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“We can go all the way back to Jesus, who came into the world to lead us toward an understanding that true power comes from kenosis [self-emptying], from pouring out love into the world, rather than hoarding it…” (Dr. Mary Hess)

“There is profound irony in the apostle’s call to use our freedom in the service of others. It is a radical proposal, to say the least, but St. Paul asserts that it is essential if we are to “win more” people to the glories, beauties, and life-giving truths of our faith. Let us never hoard our faith but be willing to pay the price! Christ has directed us to make disciples of all men (Mt 28:19). We note, however, that the apostle proposes approaching the mission of discipling others in a sensitive way, mindful of their persona spiritual orientation. There is a delicate balance between our role as slaves of the Master, with the obligation to evangelize, and the need to remain sensitive to others outside the faith. The Gospel requires us to reach out with our faith, but at the same time it demands genuine consideration of others.” (Dynamis 1/5/2020)

“We are called to guard the Gospel message, but not to hoard it. We are instructed not to hide our light under a bushel (Matt. 5:15). As Jesus Christ sends us to be His voice in a changing world, we must also remove impediments or perceived impediments to…inquirers that seek His Truth. What messages do we send out intentionally or unintentionally? What might cause the Gospel message to be ignored or misunderstood?” (Fr. Jim Kordaris)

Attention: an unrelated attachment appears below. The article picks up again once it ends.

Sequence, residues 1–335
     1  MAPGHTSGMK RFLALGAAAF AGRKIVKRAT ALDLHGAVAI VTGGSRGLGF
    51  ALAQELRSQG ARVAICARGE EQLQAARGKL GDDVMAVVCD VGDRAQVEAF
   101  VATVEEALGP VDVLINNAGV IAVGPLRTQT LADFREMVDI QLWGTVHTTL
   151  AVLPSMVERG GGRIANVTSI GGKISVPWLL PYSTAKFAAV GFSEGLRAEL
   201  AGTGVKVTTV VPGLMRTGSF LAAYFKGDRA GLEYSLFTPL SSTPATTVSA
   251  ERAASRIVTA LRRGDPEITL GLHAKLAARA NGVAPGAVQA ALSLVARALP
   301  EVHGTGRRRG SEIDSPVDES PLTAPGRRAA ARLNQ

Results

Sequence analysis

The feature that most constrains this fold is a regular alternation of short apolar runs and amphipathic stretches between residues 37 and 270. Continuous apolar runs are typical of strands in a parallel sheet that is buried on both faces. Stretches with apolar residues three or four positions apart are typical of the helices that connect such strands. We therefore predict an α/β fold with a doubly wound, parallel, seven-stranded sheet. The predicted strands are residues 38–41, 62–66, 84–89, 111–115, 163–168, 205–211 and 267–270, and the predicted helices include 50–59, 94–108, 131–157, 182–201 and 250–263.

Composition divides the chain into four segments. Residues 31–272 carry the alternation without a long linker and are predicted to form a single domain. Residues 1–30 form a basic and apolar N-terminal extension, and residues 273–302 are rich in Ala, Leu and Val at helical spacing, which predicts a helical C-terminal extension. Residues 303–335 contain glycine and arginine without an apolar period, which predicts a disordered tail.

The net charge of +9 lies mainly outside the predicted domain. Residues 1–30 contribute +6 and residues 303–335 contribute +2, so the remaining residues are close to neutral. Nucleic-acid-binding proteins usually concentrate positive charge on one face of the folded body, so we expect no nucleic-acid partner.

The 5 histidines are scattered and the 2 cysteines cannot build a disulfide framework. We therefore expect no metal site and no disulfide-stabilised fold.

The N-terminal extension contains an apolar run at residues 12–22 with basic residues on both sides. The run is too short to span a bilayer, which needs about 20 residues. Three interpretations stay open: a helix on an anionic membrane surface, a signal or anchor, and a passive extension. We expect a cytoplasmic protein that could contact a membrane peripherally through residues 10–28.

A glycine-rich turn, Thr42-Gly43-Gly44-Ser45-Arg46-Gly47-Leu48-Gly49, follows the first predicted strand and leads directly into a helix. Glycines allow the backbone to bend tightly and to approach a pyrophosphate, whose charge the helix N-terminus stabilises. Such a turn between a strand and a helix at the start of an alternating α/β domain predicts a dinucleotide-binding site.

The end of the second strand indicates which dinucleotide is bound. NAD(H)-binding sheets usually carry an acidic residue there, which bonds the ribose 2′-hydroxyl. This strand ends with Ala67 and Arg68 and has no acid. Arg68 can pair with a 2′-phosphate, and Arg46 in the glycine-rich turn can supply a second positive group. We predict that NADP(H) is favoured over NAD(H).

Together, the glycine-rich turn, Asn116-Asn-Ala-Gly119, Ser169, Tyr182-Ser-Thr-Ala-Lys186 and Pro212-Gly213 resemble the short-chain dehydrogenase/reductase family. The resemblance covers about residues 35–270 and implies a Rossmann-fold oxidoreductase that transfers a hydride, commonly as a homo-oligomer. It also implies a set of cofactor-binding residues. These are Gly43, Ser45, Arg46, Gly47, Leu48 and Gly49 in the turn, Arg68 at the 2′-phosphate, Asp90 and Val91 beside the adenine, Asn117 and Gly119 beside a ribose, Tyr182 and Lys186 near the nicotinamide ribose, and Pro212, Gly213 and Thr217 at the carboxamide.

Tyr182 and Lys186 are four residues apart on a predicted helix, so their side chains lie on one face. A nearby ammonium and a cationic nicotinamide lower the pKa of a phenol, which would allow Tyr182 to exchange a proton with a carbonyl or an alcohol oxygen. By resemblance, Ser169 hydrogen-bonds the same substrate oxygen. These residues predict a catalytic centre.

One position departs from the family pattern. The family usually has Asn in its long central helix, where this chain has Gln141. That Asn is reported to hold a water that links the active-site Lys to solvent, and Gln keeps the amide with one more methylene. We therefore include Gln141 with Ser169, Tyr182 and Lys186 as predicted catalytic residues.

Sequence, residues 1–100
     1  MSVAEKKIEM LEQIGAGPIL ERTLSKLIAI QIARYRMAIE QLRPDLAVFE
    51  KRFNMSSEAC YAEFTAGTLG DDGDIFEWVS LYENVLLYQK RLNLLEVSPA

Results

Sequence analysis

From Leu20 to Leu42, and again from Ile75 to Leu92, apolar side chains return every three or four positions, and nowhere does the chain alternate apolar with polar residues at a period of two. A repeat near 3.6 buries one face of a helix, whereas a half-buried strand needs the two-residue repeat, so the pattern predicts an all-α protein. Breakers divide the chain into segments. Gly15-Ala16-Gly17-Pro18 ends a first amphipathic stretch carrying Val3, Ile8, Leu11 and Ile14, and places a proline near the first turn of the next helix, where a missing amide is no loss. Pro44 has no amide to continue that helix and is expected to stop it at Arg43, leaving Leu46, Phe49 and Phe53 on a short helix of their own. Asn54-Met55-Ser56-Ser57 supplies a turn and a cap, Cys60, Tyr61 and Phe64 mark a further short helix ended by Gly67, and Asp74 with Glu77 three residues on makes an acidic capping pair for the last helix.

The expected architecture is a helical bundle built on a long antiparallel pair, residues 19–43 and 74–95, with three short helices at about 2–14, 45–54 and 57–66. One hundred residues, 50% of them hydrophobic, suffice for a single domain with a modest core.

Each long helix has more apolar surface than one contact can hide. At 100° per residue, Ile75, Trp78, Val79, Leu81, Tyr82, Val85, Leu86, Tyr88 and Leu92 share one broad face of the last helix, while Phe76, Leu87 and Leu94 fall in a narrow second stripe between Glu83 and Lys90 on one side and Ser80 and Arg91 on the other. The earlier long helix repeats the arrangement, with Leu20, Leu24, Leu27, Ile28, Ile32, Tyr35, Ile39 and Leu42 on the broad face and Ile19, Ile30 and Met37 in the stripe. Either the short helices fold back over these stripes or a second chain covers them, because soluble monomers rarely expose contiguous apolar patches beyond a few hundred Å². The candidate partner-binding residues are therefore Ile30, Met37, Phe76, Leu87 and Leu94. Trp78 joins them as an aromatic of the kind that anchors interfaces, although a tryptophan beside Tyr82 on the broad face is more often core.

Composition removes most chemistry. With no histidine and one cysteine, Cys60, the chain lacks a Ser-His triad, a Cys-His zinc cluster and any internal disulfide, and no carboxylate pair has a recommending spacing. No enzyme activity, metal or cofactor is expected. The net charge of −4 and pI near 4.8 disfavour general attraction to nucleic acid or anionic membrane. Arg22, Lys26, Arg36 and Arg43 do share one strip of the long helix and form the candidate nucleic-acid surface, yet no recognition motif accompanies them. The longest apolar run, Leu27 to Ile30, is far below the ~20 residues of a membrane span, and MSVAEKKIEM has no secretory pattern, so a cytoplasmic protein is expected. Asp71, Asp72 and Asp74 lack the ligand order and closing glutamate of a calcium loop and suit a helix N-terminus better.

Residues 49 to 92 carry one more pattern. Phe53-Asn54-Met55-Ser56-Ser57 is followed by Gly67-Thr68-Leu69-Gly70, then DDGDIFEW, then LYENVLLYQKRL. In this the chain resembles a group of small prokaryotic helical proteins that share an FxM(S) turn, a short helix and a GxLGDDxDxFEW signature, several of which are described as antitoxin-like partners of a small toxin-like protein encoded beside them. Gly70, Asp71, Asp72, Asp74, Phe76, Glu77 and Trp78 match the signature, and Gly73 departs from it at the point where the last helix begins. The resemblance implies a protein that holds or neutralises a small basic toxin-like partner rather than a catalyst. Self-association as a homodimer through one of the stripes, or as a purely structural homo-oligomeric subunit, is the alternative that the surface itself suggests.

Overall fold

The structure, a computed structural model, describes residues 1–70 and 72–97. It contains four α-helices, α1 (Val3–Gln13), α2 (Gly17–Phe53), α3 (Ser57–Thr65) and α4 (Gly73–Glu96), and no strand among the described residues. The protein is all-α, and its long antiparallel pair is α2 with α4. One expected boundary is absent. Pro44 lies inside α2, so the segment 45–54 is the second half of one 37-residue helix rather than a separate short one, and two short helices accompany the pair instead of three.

“We must all become missionaries to our fellow Americans, and recognize that it is not enough our temples are unlocked on Sunday mornings, and that visitors can freely enter…A parish that does not warmly welcome visitors with a smile at the door, and inviting them to the parish meal, or the coffee hour, is not missionary minded. A parishioner who does not welcome a stranger with a smile and a welcome, ignores the Great Commission, and hoards the faith as though it were only for “the right people”.” (Abbot Tryphon)

“How many of us know that the vast majority of the teachings of Jesus Christ concern the spirit of giving? In short, He was so concerned about sacrificial giving in love as opposed to greed and hoarding that He spent most of His earthly time articulating Himself on this very subject. This resulted from man's failure to interpret Old Testament teachings through the ideal of love. Until the Son of God entered into human history, the Old Testament was interpreted legalistically, and this was the reason it failed to bind man to our Heavenly Father. It is only through love that man can be bound to Him. And philanthropy is love in action. Philanthropy in every sense parallels the teachings of our Lord Jesus Christ in the spirit of giving in love.” (Chris Andreas)


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